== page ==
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Were you planning on watching Mission: Impossible – Dead Reckoning Part Two next year? What about It Ends With Us? If you were, you’ll probably have to wait an extra year.

A strike between the Screen Actors Guild and your everyday streaming services has slowed down the production of many of the movies and TV shows that everybody’s been so excited to watch.

SAG stands for the Screen Actors Guild and AFTRA stands for the American Federation of Television and Radio Artists. SAG-AFTRA is a union that was formed in 2012 with the merging of SAG and AFTRA. AMPTP stands for the Alliance of Motion Picture and Television Producers and represents many of the streaming companies SAG-AFTRA is striking against.

The SAG-AFTRA strike against the AMPTP began formally on July 14th, 2023. The “Strike notice and order” that SAG-AFTRA created was sent to all members of the organization before the strike officially began. This notice describes a strike effective on July 14th that strikes “all covered services under the producer SAG-AFTRA Codified Basic Agreement” as well as “SAG-AFTRA Television Agreements and their related agreements.” It also directs all members to “cease rendering all services and performing all work covered by the TV/ Theatrical Contracts.” According to the New York Times, this strike came as a result of a “contract dispute” between SAG-AFTRA and AMPTP.

The New York Times reports that the goal of the strike was to have members receive better pay, “increased residual payments (a type of royalty) from streaming services,” and protection against AI that could come at their disadvantage.

SAG-AFTRA now includes over 150,000 actors and other people in the industry (NYTimes). Some notable members of this union are Pedro Pascal, Lizzy Caplan, Jennifer Lawrence, Meryl Streep, and Amy Schumer. The household-name streaming companies represented and negotiated for by AMPTP include Netflix, Disney, Warner Brothers, and NBCUniversal.

The president of AMPTP is Carol Lombardini who has been a part of a lot of the negotiations between the two organizations. The president of SAG-AFTRA is Fran Drescher who was also publicly active in the strike.

According to the New York Times, the Writers Guild of America, WGA, went on strike in May of 2023. As a result, Hollywood was “already 80 percent shut down” in early July, before SAG even went on strike. This strike lasted 148 days and ended on September 27th, 2023 as a result of an agreement formed for a new contract between SAG-AFTRA and AMPTP.

Productions like late-night TV shows, Yellowjackets, Severance, and Stranger Things were all delayed as a result of the WGA strike before SAG even entered the conversation. When SAG went on strike, it was the first time since 1960 that both the writers and actors guilds were on strike simultaneously, and Hollywood felt the repercussions. This combination ended up costing services between $6-$10 billion nationwide according to the New York Times.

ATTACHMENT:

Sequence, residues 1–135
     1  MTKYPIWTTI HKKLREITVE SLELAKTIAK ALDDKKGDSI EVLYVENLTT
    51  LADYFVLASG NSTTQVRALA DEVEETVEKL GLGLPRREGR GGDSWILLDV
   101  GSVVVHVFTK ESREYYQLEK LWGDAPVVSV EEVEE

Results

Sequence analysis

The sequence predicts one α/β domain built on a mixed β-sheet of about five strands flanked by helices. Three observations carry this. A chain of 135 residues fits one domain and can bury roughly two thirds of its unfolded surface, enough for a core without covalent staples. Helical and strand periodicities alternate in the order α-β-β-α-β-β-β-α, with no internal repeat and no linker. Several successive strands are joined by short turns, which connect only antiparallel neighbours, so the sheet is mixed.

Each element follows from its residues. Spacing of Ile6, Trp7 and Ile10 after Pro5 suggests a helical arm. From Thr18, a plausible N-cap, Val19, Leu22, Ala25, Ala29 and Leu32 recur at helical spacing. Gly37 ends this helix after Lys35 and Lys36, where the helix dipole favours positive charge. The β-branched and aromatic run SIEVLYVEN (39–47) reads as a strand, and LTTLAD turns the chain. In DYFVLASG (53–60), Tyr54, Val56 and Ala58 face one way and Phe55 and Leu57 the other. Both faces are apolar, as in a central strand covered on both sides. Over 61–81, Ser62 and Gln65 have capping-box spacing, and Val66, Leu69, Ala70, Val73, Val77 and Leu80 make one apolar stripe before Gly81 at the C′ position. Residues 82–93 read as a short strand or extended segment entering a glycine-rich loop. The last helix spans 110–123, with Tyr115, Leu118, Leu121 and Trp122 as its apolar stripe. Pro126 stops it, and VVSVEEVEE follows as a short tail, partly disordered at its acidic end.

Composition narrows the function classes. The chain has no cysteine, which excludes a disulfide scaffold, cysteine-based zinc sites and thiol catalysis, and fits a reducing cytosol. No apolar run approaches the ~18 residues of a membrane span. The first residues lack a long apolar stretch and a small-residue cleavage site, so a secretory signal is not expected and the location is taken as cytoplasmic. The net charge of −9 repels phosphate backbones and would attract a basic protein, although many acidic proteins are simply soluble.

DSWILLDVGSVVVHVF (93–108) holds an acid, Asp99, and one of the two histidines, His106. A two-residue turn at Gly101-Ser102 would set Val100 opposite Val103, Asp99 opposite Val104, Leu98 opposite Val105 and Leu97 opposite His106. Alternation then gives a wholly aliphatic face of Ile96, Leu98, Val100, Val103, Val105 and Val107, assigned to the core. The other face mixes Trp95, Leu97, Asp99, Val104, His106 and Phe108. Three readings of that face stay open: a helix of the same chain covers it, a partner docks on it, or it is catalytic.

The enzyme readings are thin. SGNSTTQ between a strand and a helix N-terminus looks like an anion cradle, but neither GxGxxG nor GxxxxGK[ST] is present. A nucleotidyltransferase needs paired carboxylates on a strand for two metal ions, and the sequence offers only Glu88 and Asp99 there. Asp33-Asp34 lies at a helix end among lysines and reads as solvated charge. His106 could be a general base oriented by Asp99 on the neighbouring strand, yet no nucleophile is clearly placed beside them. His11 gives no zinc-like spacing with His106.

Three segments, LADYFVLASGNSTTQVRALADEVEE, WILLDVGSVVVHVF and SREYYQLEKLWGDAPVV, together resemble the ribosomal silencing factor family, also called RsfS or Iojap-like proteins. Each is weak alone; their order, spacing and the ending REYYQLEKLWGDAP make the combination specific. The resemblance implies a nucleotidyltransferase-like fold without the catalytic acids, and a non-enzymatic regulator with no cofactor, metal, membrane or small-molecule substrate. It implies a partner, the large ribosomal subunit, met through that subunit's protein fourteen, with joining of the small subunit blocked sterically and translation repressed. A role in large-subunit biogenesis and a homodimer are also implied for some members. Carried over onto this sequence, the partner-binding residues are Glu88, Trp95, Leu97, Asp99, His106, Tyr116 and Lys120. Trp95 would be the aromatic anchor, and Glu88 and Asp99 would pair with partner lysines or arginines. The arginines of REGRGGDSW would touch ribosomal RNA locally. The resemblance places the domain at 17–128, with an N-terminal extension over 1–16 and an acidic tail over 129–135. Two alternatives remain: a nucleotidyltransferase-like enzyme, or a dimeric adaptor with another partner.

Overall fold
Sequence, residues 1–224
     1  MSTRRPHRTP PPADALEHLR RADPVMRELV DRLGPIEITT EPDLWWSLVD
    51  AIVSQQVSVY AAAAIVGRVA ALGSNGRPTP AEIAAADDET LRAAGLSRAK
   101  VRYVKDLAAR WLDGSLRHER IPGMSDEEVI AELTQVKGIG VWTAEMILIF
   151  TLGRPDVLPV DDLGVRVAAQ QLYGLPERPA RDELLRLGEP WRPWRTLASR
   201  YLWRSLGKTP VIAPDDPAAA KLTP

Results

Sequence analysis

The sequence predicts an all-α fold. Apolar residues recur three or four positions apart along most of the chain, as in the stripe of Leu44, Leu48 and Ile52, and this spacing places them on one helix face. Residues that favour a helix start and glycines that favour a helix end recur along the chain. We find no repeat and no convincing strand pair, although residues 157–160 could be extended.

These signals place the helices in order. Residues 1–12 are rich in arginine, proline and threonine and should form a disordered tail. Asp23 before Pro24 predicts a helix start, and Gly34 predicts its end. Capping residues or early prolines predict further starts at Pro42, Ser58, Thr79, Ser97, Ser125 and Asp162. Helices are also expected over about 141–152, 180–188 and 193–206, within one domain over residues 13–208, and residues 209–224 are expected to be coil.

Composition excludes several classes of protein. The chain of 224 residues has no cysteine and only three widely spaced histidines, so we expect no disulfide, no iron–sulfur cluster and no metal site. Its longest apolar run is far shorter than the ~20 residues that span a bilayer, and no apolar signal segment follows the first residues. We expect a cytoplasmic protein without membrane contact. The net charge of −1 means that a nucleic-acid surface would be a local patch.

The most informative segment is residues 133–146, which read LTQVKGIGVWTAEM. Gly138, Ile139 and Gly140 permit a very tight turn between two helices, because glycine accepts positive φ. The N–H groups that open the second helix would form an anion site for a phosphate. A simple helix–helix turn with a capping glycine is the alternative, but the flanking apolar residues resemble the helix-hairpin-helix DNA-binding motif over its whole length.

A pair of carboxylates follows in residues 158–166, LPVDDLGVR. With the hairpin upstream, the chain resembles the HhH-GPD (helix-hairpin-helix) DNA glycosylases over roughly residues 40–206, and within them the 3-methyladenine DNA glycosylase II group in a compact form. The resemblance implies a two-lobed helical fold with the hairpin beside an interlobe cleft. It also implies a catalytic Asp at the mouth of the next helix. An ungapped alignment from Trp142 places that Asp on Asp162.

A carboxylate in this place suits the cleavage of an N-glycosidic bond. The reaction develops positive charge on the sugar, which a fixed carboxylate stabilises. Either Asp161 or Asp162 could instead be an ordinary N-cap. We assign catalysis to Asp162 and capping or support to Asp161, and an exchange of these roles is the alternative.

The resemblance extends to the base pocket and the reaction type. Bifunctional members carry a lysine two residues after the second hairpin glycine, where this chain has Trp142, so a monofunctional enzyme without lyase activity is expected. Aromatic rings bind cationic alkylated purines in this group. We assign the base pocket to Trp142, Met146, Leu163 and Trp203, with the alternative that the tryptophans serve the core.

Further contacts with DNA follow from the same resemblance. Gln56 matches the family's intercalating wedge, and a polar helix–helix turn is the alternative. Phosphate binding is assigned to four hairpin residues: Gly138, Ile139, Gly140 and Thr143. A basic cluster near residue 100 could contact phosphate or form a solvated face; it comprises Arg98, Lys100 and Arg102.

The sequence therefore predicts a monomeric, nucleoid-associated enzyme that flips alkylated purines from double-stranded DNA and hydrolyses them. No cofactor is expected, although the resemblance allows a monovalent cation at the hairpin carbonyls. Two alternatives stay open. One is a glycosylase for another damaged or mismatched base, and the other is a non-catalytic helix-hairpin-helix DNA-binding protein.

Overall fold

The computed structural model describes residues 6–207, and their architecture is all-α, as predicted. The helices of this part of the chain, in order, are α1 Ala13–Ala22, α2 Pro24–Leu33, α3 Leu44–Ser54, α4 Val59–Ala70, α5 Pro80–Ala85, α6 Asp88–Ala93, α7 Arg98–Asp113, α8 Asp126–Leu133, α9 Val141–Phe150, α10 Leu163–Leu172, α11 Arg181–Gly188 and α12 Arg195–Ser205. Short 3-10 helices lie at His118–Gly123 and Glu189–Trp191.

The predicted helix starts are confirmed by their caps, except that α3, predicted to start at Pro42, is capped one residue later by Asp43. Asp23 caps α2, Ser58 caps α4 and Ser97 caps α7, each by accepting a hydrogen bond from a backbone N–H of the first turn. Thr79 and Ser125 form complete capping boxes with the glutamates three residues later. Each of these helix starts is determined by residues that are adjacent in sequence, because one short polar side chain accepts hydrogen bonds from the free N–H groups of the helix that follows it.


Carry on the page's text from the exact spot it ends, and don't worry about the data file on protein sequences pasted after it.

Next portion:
Actors that are members of SAG-AFTRA were prevented from working for any productions with any relation to AMPTP productions. They were also blocked from participating in any promotional events related to AMPTP productions. Even dressing up as characters from productions related to AMPTP for Halloween was barred for SAG-AFTRA union members.

Because of the large number of SAG-AFTRA members, this made it very difficult for Hollywood to actually continue running. Movies like Deadpool 3, Mission: Impossible – Dead Reckoning, It Ends With Us, and Gladiator 2 were all barred from continuing filming as a result of the strike.

In late October as the strike continued, “an estimated $1.5 billion” is expected to be lost “from the global box office next year.” This is because Disney already delayed both Pixar’s Elio and the live action Snow White from a 2024 release to 2025. In addition, Mission: Impossible 8 was pushed to 2025 from Paramount’s expected 2024 release. Dune: Part Two, another highly anticipated film that was supposed to be released in November of 2023 was also delayed to a theater release in March of 2024 as a result of this strike .

The strike is considered one of the most extended “labor crises in Hollywood history” lasting a total of 118 days. This strike was the longest movie and television strike in history. The tentative deal that ended this strike involved a contract “valued at more than $1 billion over three years” by Fran Drescher.

This strike has been covered by many news outlets including Variety, Deadline, Los Angeles Times, The Guardian, the New York Times, and more. Before the deal, picketing and protesting had been going on all over the country outside of studio buildings in places like Los Angeles, New York, Chicago, Philadelphia, etc.

This strike pertains to the majority of the US because the companies that SAG-AFTRA are striking against are companies that most people use daily. People all over the country will feel the effects of this strike because of how it will affect television for the foreseeable future.

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